Three of Arsenal and England's brightest young talents believe that the standard of the English Premier League is in fact becoming higher despite the absence of any representatives in this year's Uefa Champions League semi-finals.
"Other teams are getting better, the German league has improved quite dramatically in recent years," said left back Kieran Gibbs in Dubai yesterday. "If you look at the Champions League this season, everyone expected a Spanish team to be in the final, and the fact that it's two German teams says a lot about German football right now. Standards [everywhere] are going up rather than down."
Speaking at Arsenal Soccer School at Dubai Sevens Stadium, Gibbs, Alex Oxlade-Chamberlain and Carl Jenkinson all agreed, however, that qualification to the Champions League has become harder in recent years and expressed their delight that Arsenal have achieved that for the 17th season in a row.
Oxlade-Chamberlain insisted that while Manchester United were an "anomaly" this season, the fact that so many teams are now fighting for the three other spots is in fact a positive sign.
"I think It says a lot about English football that there are six or seven team that are really up there," the 19 year old said. "It shows how competitive the Premier League is."
Thanks to the fierceness of the competition, he admits that personal and team targets had to be recalibrated throughout the season.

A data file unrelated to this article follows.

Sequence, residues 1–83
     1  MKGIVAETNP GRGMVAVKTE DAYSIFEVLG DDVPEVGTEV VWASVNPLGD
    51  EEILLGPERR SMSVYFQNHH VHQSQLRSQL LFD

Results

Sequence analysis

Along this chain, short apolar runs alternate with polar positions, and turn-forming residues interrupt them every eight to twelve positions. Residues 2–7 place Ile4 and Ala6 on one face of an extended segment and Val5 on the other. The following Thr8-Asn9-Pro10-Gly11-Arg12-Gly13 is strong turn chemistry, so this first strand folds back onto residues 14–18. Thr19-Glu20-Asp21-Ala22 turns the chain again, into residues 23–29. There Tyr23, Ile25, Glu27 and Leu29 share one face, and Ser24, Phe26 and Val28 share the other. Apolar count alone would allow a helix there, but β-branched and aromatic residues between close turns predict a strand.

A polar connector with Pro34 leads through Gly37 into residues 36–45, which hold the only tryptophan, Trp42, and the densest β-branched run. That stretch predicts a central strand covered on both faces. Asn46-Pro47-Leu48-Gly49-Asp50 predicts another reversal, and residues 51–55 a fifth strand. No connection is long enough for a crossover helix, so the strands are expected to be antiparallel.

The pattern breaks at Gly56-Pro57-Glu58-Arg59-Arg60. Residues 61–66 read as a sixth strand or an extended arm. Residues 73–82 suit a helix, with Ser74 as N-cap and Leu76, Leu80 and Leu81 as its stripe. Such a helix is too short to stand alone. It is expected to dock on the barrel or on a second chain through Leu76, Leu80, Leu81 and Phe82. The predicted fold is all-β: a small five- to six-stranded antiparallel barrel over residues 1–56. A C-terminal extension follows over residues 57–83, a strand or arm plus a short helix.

"Our aim was always to challenge for titles," he said. "But when we realised we couldn't reach our goals, our new target was to make sure that we qualified to the Champions League and to maintain this club's status."
The status was maintained thanks to a sequence of eight wins and two draws in their last 10 matches, allowing Arsenal to snatch the fourth and last Champions League spot from North London rivals Tottenham.
There was no doubt to the turning point; the excellent, but ultimately futile, 2-0 away win against Bayern Munich in the Champions League quarter-final second leg gave Arsenal the confidence to go on that unbeaten run, especially as it came three days after a morale-crushing loss to Andre Villas-Boas's men at White Hart Lane.
"I just think that coming off the back of a result like that against a team like Bayern Munich in the form they're in at the moment, filled the team with confidence and you can't buy that," Oxlade-Chamberlain added. "To go to there and keep a clean sheet and score two goals, we were disappointed that it was not enough to make us qualify at the time, but we took so many positives from that game."
Jenkinson, however, broke ranks with his teammates in admitting finishing above Tottenham made the fourth-place finish even sweeter.
"For me it was very important that we finished above Spurs, looking at it from a fans' perspective," Jenkinson said. "The rivalry is huge and to finish ahead of [them] is a massive thing for the fans, and of course for the players too."
Certainly the extent of the celebrations at the end of Arsenal's 1-0 at Newcastle raised a few eyebrows. But Oxlade-Chamberlain is not concerned.
"People have said why are we so happy when we haven't won anything, but you have to regroup when you come up against disappointments," he said. "In a way those last 10 games were like winning a small title for us, we finished the season on a high which gives us great momentum going into next season."
Oxlade-Chamberlain says Arsenal remain a stable club geared towards success.
"Arsenal Football Club is a huge club, we've got one of the best managers in the world, unbelievable talent, a great fanbase, and the infrastructure is also there," he says acknowledging that both Manchester clubs and Chelsea will have new managers next season.
"I always say that on our day we're right up there with any team in Europe, it's just consistency that we've been lacking. Personally, it's an honour to be at the club."
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